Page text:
Caracas


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Caracas

(kəră`kəs, kərä`–, Span. kärä`käs), city (1990 pop. 1,824,892), Federal Dist., N Venezuela, the capital and largest city of the country, near the Caribbean Sea. Its port is La GuairaLa Guaira
, city (1990 pop. 23,831), capital of Vargas state, N Venezuela, on the Caribbean Sea NW of Caracas. It is the principal international port of Venezuela; cacao, coffee, and tobacco are the chief exports. La Guaira is also a seaside resort. Founded in the 16th cent.
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. With an elevation of c.3,100 ft (945 m), Caracas has a pleasant climate, which contributed to making it rather than ValenciaValencia
, city (1990 pop. 903,621), capital of Carabobo state, N Venezuela. It is Venezuela's fourth largest city and one of its major industrial centers. Products include motor vehicles, chemicals, textiles, cattle feed, and consumer goods.
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 the economic and political center of Spanish colonization in Venezuela. Caracas is the commercial, industrial, and cultural hub of the nation. As a result of the oil boom of the 1950s the city expanded prodigiously. Enormous sums were spent on public works, notably the futuristic University City, school construction, slum clearance projects, a new aqueduct, and an impressive highway cloverleaf, known to Caracans as "the octopus." The symbol of the new Caracas is the twin-towered complex housing government offices known as Centro Bolívar. The city has a noted contemporary art museum, and a colossal shopping center, the Helicoid, was built on a hill outside the city. Rapid population growth continues to exacerbate the city's housing problems and unemployment rate. In addition to oil refining, industries include textile milling, clothing manufactures, processed foods, tobacco products, publishing, glassworks, rubber goods, chemicals, and ceramics.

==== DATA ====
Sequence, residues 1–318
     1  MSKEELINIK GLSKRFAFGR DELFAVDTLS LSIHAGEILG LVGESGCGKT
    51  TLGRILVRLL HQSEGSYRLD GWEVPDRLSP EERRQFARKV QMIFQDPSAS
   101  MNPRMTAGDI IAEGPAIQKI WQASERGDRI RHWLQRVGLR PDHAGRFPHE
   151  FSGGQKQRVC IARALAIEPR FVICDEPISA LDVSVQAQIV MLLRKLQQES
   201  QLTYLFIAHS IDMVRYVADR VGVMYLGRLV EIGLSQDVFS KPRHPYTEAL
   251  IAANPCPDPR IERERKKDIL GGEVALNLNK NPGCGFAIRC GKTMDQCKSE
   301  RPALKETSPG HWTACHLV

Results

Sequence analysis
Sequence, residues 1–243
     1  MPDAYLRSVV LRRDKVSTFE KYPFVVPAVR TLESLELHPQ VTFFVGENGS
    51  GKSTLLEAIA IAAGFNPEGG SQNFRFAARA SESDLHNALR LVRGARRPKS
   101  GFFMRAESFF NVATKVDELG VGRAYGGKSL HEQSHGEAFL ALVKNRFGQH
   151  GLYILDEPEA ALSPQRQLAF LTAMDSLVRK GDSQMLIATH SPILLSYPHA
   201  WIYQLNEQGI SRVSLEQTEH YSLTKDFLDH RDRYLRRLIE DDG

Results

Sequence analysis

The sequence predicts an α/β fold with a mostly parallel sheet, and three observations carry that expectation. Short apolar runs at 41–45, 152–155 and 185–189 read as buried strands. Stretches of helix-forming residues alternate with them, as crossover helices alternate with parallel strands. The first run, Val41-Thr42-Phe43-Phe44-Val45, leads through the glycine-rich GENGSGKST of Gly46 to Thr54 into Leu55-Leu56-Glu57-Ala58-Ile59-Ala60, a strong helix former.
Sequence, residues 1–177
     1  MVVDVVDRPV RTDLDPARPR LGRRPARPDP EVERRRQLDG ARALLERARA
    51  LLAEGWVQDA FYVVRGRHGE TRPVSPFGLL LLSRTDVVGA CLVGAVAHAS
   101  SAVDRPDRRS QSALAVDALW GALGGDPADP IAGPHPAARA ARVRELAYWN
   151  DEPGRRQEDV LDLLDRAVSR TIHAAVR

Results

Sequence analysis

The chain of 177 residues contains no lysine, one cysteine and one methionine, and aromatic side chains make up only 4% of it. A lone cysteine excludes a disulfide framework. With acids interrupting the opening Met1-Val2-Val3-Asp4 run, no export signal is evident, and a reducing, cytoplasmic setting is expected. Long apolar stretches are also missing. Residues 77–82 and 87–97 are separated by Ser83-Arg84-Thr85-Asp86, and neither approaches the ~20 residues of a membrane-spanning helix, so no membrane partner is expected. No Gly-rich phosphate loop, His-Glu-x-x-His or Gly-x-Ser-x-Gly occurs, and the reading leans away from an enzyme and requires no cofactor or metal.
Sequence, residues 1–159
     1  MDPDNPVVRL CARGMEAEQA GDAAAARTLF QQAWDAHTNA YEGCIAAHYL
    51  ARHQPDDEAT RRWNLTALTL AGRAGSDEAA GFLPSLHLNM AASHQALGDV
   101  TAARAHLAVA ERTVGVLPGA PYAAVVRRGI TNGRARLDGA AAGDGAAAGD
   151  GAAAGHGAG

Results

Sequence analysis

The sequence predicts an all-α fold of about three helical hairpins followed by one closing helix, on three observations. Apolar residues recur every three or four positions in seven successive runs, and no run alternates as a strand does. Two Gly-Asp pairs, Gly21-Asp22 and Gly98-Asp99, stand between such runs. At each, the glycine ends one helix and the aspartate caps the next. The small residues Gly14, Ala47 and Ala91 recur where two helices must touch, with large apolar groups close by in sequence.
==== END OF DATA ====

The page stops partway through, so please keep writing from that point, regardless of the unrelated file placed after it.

Caracas was founded in 1567 as Santiago de León de Caracas by Diego de Losada. The city was sacked by the English in 1595 and by the French in 1766. Two of South America's great revolutionary leaders, Francisco de MirandaMiranda, Francisco de
, 1750–1816, Venezuelan revolutionist and adventurer. A hero of the struggle for independence from Spain, he is sometimes called the Precursor to distinguish him from Simón Bolívar, who completed the task of liberation.
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 (1750) and Simón BolívarBolívar, Simón
, 1783–1830, South American revolutionary who led independence wars in the present nations of Venezuela, Colombia, Panama, Ecuador, Peru, and Bolivia.